A few of them are:

Don’t audit life.  Show up and make the most of it now.

Yield.

Save for retirement.  Starting with your first paycheck

Be eccentric now.  Don’t wait for old age to wear purple.

I want to touch on being eccentric.  Too often we get caught up in our own insecurity.  We fit in to a khaki world, wearing traditional (read: boring) clothes.  While I am not on the fashion cutting edge, I do embrace the statement about not waiting until you are old to be eccentric.   I still wear sequined tops I had made in India, statement necklaces, and saturated colored scarves.

I never had to wear glasses until I started an office job after college and was on the computer all day.  I mourned the fact that I had glasses.  Then, last year, I was told I needed bi-focals.  It was like a four-letter word had been used.  It was a step in the aging process that I did not embrace.  But, I decided to make the best of it and consider eyeglasses as another accessory.   The place was having a special buy one get one and so I picked out a black pair and then found a red pair.  Cherry red.

They don’t match everything.  But, neither do I.  I love them.  These bright red glasses are fun and I get more compliments on them than my black pair.  People say, “Seeing you in those glasses makes me want to get a bold color pair for myself.”

I believe stepping out of your comfort zone- whether in a small way like an accessory or a large way like a career change, is inspiring to others.    Enjoy your eccentricities.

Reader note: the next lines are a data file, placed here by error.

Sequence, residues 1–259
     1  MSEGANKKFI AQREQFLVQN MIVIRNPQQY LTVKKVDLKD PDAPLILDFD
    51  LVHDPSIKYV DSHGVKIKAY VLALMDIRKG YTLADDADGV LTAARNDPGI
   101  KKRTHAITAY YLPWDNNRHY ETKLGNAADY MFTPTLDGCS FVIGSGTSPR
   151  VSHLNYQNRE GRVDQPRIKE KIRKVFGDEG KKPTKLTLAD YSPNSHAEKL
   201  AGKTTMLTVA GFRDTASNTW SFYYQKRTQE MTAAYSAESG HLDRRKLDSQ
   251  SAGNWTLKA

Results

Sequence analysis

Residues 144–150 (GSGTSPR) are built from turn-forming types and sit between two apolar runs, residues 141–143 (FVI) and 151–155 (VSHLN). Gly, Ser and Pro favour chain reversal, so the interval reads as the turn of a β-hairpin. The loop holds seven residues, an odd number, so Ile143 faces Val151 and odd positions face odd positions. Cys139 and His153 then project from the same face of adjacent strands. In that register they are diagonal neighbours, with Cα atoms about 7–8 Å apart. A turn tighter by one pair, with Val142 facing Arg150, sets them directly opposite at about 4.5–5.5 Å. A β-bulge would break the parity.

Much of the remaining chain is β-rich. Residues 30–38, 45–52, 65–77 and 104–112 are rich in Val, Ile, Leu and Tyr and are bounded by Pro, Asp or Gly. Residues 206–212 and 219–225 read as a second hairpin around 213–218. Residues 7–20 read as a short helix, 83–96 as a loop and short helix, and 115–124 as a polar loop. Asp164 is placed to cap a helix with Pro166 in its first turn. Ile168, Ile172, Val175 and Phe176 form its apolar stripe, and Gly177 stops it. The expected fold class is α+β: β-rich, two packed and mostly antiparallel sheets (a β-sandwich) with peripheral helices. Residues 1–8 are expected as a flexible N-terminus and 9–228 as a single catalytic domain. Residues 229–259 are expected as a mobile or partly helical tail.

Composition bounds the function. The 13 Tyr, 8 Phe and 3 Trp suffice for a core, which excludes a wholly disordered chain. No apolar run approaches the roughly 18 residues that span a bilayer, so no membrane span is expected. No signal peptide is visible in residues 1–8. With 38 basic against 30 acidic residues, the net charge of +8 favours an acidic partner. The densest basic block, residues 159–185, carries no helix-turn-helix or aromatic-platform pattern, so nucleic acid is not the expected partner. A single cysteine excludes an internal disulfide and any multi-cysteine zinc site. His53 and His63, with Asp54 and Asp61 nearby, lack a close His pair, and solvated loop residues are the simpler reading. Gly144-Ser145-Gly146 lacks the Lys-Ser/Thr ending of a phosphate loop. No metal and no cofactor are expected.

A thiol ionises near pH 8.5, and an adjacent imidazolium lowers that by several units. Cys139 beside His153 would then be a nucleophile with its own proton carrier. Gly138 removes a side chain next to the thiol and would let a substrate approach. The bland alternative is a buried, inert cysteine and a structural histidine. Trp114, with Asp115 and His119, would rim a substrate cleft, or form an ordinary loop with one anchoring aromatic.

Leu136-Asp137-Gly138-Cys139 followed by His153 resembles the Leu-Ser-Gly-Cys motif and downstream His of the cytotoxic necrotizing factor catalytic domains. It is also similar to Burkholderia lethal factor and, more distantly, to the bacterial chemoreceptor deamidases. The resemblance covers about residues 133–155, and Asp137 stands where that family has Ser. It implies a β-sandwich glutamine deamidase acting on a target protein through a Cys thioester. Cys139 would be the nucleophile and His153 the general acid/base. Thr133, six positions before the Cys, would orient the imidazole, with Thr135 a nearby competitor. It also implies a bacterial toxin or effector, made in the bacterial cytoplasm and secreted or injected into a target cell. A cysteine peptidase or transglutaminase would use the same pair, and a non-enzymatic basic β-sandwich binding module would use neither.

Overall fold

What piece of advice would you add to the list?

-Elle

The Ocean

As a teenager, my family went to Hawaii.  We enjoyed feeding the fish in Hanauma Bay with squeeze cheese and frozen peas.  Swimming in a blue ocean, as far as the eye can see, was breath-takingly beautiful.  Trying shave ice with adzuki beans in the bottom was deliciously different.

But, the saying is true: Never turn your back on the ocean.  The ocean’s undertow was strong.  I looked back at the beach to people watch when a wave hit me from behind.  At the same time, the undertow pulled my feet from under me.  One moment I was standing in reverence at a peaceful view.  The next moment, I was tumbling head over feet, not sure what way was up as I was pulled out farther from  shore.  I couldn’t gain my footing and I was in constant movement;  I was no longer sure which way was up.  But I was sure that I was losing the air in my lungs.  “I’m going to drown.”

I swam hard in one direction just to get out from the pull of the undertow.  To this day, I don’t know what made me picked that direction.  Fortunately, it was the right way, and I surfaced, gulping air, coughing the sandy water from my mouth.

 

Hard times are like swimming in the ocean.   Grief can hit you like waves.  You can either float to the surface or you can be dragged under.  It’s a fight you have to undertake.  A choice you have to make.  Every. Day.

 

  1. Find someone to talk to. A friend, family member, partner, or professional.
  2. Find something that brings you joy.
  3. Give back. Get involved in a charity or church.  Find a cause and give your time.

 

-Elle

India

I heard a woman speak this week on her experience as a Muslim post 9-11.  She told stories of being accosted and how she had to overcome anxiety from the experiences.  Her story hurt my heart.